High School's auditorium in August l997 for the event. The key speakers
were Geronimo ji Jaga (Pratt), a former Black Panther who spent 27
years behind bars for murdering a couple (a ‘political prisoner’ if
you believe the pro-Abu-Jamal literature), and author Alice Walker.
The event raised $30,000 to help pay Abu-Jamal's continuing defense
bills. San Francisco Mayor Willie Brown, Jr., presided at the event.”
Abu-Jamal has even been a commencement speaker. Students at Evergreen
State College in Olympia, Washington, select their own commencement
speakers. The class of l999 wanted Abu-Jamal. One year after his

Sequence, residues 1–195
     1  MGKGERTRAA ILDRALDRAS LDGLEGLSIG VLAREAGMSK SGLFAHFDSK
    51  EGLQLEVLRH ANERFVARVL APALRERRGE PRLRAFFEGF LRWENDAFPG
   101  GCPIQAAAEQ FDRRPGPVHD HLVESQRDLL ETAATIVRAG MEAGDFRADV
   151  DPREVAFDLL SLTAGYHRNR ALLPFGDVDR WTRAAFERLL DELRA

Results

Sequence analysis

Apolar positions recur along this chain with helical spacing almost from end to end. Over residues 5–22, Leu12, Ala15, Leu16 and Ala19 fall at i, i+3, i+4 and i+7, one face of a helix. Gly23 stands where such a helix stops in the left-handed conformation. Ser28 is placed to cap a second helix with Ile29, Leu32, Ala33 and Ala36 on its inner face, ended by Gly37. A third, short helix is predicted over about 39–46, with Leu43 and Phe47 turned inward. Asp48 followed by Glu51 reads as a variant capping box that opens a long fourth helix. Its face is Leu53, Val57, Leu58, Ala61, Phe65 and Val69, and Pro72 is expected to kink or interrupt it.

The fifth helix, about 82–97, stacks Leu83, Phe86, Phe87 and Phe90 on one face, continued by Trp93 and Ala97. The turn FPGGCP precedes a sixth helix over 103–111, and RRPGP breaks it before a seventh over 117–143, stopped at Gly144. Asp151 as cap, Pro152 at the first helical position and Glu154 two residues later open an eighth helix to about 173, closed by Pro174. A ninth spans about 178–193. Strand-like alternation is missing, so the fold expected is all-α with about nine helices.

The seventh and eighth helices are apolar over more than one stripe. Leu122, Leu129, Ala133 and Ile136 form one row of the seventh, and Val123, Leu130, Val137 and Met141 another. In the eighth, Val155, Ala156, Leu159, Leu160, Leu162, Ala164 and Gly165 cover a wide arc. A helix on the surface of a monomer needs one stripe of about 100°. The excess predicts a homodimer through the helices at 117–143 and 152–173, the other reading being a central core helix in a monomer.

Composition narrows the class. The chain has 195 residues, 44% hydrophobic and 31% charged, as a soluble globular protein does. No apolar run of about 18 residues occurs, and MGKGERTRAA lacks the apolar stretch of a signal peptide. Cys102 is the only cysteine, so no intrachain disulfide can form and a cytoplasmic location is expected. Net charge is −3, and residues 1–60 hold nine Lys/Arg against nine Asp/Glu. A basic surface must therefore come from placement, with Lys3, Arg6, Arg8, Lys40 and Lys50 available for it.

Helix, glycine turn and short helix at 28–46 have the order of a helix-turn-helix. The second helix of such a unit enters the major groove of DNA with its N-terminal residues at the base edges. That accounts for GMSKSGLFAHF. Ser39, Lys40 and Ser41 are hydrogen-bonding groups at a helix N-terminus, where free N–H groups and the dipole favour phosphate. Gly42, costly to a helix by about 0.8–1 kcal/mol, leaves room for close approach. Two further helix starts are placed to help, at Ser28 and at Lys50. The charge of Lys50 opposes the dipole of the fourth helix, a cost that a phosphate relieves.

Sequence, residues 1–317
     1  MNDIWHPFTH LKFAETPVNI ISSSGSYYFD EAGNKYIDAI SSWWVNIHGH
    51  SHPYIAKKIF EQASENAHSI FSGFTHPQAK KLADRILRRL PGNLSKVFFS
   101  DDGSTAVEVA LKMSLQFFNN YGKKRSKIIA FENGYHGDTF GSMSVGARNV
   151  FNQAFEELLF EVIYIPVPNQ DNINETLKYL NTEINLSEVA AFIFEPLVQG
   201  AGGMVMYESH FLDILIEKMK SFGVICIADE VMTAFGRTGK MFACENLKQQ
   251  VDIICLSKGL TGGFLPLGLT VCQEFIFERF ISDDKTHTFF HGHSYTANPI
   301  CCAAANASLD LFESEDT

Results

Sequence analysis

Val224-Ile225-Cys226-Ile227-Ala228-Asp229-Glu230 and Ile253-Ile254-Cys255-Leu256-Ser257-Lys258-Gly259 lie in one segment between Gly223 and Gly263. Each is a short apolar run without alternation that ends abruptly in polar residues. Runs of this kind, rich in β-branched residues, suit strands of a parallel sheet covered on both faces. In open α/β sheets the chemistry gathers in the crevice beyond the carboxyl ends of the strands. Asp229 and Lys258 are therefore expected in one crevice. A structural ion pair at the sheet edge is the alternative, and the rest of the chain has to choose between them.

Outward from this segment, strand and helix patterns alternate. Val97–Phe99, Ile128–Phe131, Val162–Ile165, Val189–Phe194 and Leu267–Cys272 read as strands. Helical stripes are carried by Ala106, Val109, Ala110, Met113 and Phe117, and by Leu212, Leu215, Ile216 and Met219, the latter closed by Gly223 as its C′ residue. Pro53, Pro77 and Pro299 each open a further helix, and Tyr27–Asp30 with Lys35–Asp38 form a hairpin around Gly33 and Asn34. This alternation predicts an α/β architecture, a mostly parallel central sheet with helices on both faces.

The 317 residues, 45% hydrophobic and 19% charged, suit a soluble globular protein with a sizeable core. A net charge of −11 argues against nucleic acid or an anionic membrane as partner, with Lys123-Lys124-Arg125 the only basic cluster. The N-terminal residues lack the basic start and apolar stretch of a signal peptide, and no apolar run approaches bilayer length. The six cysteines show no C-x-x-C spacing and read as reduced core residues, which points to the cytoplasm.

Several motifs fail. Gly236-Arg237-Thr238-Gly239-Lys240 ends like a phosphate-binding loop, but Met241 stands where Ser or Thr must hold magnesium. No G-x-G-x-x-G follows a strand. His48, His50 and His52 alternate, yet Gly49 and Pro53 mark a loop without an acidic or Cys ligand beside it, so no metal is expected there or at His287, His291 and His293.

taped address at Evergreen State, students at Antioch College in
Ohio asked Abu-Jamal to be a speaker at their 2000 commencement.
Maureen Faulkner traveled to Antioch, and after a vigil she held she
said, “We were ushered to the actual graduation to be quarantined
in a specific area, far from the actual ceremony, cordoned off by a
blue ribbon. I had planned on attending a graduation ceremony at a
college, but (I'm not exaggerating) it was like one of the rallies
the Nazis staged at Nuremberg. The buildings surrounding the open-air
stage and spectator seats were adorned with streaming banners. Oversized
posts with Abu-Jamal's haunting grimace were everywhere, and ‘Free
Jamal’ banners waved in the wind.”
On December 4, 200l, the Paris City Council voted to name Mumia an “Honorary
Citizen” of Paris. The last time such an honor was bestowed was
to artist Pablo Picasso in l97l.
Death Sentence Contested
On June l, l995, Pennsylvania Governor Tom Ridge finally signed Abu-Jamal's
death warrant for the 1981 murder. In l982, Abu-Jamal had been convicted